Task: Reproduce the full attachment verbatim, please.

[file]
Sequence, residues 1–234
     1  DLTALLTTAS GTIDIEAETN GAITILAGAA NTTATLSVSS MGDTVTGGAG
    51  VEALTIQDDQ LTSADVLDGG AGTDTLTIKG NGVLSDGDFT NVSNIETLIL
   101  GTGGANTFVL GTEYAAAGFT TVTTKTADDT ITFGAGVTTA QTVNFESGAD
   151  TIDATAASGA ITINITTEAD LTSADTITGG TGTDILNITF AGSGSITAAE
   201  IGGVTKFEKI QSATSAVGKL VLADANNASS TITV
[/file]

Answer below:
Sequence, residues 1–234
     1  DLTALLTTAS GTIDIEAETN GAITILAGAA NTTATLSVSS MGDTVTGGAG
    51  VEALTIQDDQ LTSADVLDGG AGTDTLTIKG NGVLSDGDFT NVSNIETLIL
   101  GTGGANTFVL GTEYAAAGFT TVTTKTADDT ITFGAGVTTA QTVNFESGAD
   151  TIDATAASGA ITINITTEAD LTSADTITGG TGTDILNITF AGSGSITAAE
   201  IGGVTKFEKI QSATSAVGKL VLADANNASS TITV